Are you a beginner that wants to get into programming but don't know where to start? Or you know about programming but know that you for sure want to get into web development? Or are you a complete beginner that believes programming is all about manipulating zeroes and ones on a display like they display in 80s-90s Hollywood films? Well, you're looking at the right article! This article is catered to any who fits the following description:
Programming is a large discipline, you can get into data engineering, web development, mobile application development, and much more. Here at LateefLab, (obviously) we're focused on web development. One of the most, if not, most popular things in web development is ReactJS.
What is React?
Installation (or just use your browser!)
You have two options on how you can use on your computer:
First, install the latest LTS (long term support) version of NodeJS on your computer. Secondly, follow these steps to install Create-React-App on your computer. Create-React-App is a way to bootstrap your React environment with most of the necessary packages to get you using React quickly.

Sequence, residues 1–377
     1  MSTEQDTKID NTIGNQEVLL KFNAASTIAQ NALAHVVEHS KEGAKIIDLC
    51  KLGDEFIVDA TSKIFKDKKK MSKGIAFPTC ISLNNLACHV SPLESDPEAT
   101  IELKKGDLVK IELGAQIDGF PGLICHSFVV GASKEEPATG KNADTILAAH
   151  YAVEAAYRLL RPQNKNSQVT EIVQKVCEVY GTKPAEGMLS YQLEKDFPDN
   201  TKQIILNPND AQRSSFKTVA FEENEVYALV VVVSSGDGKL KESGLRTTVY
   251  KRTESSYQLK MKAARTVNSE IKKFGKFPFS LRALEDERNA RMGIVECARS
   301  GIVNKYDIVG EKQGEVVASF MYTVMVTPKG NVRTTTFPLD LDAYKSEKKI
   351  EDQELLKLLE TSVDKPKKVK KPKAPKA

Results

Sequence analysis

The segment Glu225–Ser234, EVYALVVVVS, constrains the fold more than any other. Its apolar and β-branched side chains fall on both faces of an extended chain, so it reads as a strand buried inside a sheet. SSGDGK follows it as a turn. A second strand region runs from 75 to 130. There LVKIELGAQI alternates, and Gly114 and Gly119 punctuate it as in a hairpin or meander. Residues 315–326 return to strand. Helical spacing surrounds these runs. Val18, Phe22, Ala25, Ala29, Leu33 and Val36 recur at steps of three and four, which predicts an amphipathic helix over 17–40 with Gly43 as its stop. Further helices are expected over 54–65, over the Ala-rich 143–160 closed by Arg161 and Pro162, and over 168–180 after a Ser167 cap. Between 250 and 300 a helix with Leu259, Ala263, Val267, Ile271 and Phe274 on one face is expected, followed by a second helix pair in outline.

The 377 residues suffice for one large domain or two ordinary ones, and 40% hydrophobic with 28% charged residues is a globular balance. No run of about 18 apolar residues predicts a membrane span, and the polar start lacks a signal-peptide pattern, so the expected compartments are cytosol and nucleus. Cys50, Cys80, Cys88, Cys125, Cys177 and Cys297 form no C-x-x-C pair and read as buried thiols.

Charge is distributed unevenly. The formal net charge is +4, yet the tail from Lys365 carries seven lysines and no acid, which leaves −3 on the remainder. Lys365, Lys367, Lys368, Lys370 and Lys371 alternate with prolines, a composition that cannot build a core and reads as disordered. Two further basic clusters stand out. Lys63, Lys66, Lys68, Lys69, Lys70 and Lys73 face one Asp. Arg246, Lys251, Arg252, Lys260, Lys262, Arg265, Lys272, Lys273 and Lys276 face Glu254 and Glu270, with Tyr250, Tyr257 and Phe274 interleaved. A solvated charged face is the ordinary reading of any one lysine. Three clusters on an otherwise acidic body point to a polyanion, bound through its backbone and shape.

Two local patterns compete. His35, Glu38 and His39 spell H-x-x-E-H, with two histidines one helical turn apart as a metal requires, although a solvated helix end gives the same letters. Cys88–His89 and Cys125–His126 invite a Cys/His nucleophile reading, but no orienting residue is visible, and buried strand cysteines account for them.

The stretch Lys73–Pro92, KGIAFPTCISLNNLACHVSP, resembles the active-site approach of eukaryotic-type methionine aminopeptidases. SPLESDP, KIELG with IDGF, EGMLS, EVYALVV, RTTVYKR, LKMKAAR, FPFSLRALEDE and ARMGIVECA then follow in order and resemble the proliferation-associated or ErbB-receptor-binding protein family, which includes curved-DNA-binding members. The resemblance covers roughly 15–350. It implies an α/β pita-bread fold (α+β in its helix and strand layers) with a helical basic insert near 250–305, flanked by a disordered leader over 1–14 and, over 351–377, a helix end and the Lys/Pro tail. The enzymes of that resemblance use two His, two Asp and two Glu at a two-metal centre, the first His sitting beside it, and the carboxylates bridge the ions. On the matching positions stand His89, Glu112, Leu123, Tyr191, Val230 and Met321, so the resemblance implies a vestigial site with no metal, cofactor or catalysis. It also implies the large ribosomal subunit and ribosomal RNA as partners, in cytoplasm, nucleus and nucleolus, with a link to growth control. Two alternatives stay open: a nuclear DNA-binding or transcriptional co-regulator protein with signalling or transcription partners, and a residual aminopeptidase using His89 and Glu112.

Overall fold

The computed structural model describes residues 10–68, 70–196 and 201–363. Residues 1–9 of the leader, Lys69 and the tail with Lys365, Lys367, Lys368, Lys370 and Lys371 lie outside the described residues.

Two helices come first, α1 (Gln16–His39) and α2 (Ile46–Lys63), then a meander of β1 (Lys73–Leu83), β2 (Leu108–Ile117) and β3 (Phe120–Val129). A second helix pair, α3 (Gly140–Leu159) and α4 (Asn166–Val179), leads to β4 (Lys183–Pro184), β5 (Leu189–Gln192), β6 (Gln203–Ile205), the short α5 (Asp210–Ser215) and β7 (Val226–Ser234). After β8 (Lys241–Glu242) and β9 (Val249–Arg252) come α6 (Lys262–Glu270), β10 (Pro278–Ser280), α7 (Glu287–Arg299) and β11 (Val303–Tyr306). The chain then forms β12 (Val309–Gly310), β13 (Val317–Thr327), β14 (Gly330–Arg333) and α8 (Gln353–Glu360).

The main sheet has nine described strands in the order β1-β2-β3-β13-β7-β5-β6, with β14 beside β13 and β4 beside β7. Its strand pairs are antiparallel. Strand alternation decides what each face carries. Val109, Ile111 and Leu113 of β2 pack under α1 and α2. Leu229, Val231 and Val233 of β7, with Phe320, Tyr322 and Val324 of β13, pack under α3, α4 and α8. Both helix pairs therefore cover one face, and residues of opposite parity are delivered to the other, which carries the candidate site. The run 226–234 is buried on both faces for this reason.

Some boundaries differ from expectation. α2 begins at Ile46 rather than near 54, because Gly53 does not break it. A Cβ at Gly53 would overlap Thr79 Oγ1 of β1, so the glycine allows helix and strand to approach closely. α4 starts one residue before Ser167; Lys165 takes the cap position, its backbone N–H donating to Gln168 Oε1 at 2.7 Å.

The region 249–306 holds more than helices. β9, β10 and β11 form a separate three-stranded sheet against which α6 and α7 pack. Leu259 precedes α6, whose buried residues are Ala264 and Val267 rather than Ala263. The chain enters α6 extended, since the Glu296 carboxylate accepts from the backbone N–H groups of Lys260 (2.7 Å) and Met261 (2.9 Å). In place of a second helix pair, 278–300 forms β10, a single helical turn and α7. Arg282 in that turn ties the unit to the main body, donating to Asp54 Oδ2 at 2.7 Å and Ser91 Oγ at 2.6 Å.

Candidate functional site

Thankfully with recent advancements in the web, you can follow along without leaving your browser! Below at the end of this tutorial, there is an embedded, interactive window that contains a copy of this project used in this tutorial. Feel free to use it, we placed it there for curious individuals like yourself so you can tinker and learn without leaving your web browser.
For those doing local development (if you're using StackBlitz, you don't need to do this as the project was setup for you), open your cmd/terminal and do the following commands:
$ npx create-react-app react-hook-todo-tutorial
Open the folder titled react-hook-todo-tutorial in your text editor/IDE. You would see the following file structure:
Before we get started, lets install a npm package (Bootstrap) to improve our React project. NPM (Node Package Manager) is package manager for NodeJS, it is one of the supported package managers for React and often used to install/uninstall external packages in our projects. We'll use npm install Bootstrap so we can to add Bootstrap styling to our components. In your cmd/terminal, run the following command:
$ npm install bootstrap